The Ballot Measures Aim to Reduce Partisanship. Can They Fix American Politics?

Americans of both parties routinely express deep concern about the state of the country’s democracy. This fall, many voters may have a chance to do something about it, by voting on state ballot measures related to the nuts and bolts of elections and governance.

Eight states, including Ohio and seven others largely in the West, appear all but certain to field ballot measures that would either overhaul redistricting or rewrite election rules to discourage hyper-partisanship and give voters a greater voice in choosing candidates.

Redistricting ballot measures are not uncommon, but since the advent of citizen-backed ballot initiatives in the early 1900s no other year has had more than three election-system initiatives, according to the online elections database Ballotpedia.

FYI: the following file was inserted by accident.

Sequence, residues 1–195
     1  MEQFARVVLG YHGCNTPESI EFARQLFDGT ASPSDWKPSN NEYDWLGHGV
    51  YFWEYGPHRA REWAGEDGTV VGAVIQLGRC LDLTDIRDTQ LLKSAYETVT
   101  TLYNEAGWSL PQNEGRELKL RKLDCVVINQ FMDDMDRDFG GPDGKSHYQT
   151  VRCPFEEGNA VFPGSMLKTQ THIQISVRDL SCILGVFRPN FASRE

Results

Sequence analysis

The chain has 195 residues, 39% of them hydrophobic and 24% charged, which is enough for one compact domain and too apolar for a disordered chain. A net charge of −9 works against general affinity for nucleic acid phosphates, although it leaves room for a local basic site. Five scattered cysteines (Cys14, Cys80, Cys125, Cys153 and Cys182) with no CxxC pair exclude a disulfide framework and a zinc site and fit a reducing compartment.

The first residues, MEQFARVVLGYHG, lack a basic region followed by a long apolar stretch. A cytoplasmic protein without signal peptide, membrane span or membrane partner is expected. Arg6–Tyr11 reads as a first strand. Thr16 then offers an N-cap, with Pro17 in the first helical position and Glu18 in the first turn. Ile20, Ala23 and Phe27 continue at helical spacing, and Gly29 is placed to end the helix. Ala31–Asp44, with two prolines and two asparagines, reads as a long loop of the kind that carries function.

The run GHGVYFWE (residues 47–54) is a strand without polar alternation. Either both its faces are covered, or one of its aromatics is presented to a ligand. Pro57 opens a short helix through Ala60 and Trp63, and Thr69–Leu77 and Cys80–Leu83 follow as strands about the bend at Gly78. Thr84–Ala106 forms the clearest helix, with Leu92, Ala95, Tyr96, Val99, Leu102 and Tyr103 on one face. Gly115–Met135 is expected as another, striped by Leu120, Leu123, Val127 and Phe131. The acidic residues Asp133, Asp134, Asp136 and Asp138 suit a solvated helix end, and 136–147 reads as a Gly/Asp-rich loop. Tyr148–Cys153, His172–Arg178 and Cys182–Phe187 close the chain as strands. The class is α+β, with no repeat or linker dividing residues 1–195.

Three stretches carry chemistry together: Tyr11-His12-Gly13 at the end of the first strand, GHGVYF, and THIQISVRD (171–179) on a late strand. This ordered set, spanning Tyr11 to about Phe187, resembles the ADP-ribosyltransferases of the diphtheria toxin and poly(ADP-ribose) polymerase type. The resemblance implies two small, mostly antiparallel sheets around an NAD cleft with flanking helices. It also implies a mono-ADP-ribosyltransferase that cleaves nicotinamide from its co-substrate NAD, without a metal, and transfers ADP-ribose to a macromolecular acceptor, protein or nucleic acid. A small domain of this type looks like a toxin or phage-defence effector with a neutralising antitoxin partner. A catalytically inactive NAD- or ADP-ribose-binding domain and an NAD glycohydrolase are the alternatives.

“I just feel like the voice of the people has gotten more and more diluted,” Kathy Cunningham, a 55-year-old bioscience consultant from Cincinnati, said last month after signing a petition for an Ohio ballot measure that would undo the state’s gerrymandered political maps. “When you have such a huge imbalance of power, how do you get that back? It creates the perception that we’re living in a democracy, when maybe we’re not.”

Ohio is a particular hotbed of discontent, a state where dysfunction, particularly a $60 million bribery scandal, and thoroughly gerrymandered maps have left many in the state cynical and unhappy with the state of their government.

Hundreds of thousands of Ohioans have signed petitions drafted by a strategically named group, Citizens Not Politicians, toward an elusive goal: undoing the gerrymandered political maps that have awarded Republicans supermajority control of the Legislature and a lopsided majority of the state’s 15 House seats.

An initiative that would let an independent commission draw political maps instead of politicians appears all but certain to be on the November ballot.

Read more from the New York Times here.